NHS must proceed with caution on new methods for reducing hospital admissions among older people

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The government's approach to helping older people with long-term health conditions stay out of hospital is welcome, but the NHS should proceed with caution in introducing new 'case management' initiatives as evidence on their effectiveness is weak, says a report from The King's Fund published today.

The report examines the evidence behind government moves to get all primary care trusts in England to establish case management programmes by 2008. Case management involves providing tailored-care to people identified as being most at risk of hospital admission and is seen as a key weapon in the battle to reduce emergency hospital bed days by five per cent from 2005. Ministers strongly favour a nurse-led case management approach. One such model is already being piloted in nine primary care trusts and 3,000 community matrons will be recruited to extend this work across the country.

But The King's Fund report, which is based on a review of published evidence on the impact of case management, argues that:

  • There is limited evidence that case management for older people can reduce hospital admissions - the evidence base is weak
  • There are many different ways of organising case management for high-risk patients with long-term conditions, with no strong evidence to support one approach over any other.
  • US approaches, on which much of current England policy is based, may not translate easily to other health systems
  • Evidence for the cost-effectiveness of case management is limited. Further evaluation is needed to establish whether the benefits of providing case management are offset by savings from fewer patients using hospital services.

Co-report author Dr Rebecca Rosen said:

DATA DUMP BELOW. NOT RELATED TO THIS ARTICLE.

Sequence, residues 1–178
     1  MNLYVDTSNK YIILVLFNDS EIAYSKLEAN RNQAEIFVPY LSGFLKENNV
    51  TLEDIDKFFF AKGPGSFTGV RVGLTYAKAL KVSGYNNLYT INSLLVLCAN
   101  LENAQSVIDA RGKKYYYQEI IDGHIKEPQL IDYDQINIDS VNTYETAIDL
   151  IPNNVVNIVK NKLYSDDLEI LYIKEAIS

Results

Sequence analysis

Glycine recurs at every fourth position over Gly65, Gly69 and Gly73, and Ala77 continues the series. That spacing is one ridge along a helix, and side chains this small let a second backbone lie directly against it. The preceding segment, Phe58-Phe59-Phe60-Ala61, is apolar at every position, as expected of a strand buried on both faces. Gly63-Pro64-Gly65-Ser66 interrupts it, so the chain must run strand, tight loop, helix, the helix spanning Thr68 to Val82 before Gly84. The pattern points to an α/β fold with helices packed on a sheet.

'The NHS is under increasing pressure to introduce case management. Although the evidence is limited, this may well be a useful way of improving care for patients with the most complex health conditions. But it's unlikely that a 'one-size-fits-all' solution to the problem of rising emergency hospital admissions will be appropriate.

'We need primary care trusts to be given genuine flexibility to develop their own arrangements, based on an analysis of local needs. Case management approaches already exist in the UK, together with well developed primary and community care services. Furthermore, we know that about half of the patients most at risk are under 65, and many are likely to need a mixture of medical and social care support not reflected in the current models of nurse-led case management.'

Case-Managing Long-Term Conditions, by Ruth Hutt, Rebecca Rosen and Janet McCauley, argues that primary care trusts need to be clear about the needs of their local patients before deciding how best to develop case management, who should provide it and the range of services that should be in place to ensure it is effective. They must consider whether it is best developed by adapting existing services or whether new arrangements should be put in place, it says. Finally, it urges them to work in close partnership with those providing social care and to ensure they continue to provide services for people with less severe illnesses who nevertheless have significant health and social care needs.

The King's Fund chief executive Niall Dickson said:

'This is not a red light but an amber one. Case management may well have the potential to improve the quality of life of these patients, but our study shows we still have a lot to learn. It remains unclear what contributes to success or failure. With many different ways of providing case management, there is still only limited evidence about which type is the most effective. We urge ministers to think carefully before committing the NHS to any single approach until we have a much clearer understanding of their impact.'

Notes to editors

1. For further information or interviews, please contact The King's Fund media and public relations office on 020 7307 2585, or 07831 554927.

2. Case management has been defined as the process of planning, co-ordinating, managing and reviewing the care of an individual. The broad aim is to develop cost-effective and efficient ways of co-ordinating services in order to improve quality of life. There is no single model of case management, and the term is used to describe a range of approaches to improve the organisation and co-ordination of services for people with severe, complex health problems. Many forms of case management already exist in the NHS and new arrangements are emerging.

3. The King's Fund is an independent charitable foundation working for better health, especially in London. We carry out research, policy analysis and development activities, working on our own, in partnerships, and through grants. We are a major resource to people working in health, offering leadership and education courses; seminars and workshops; publications; information and library services; and conference and meeting facilities.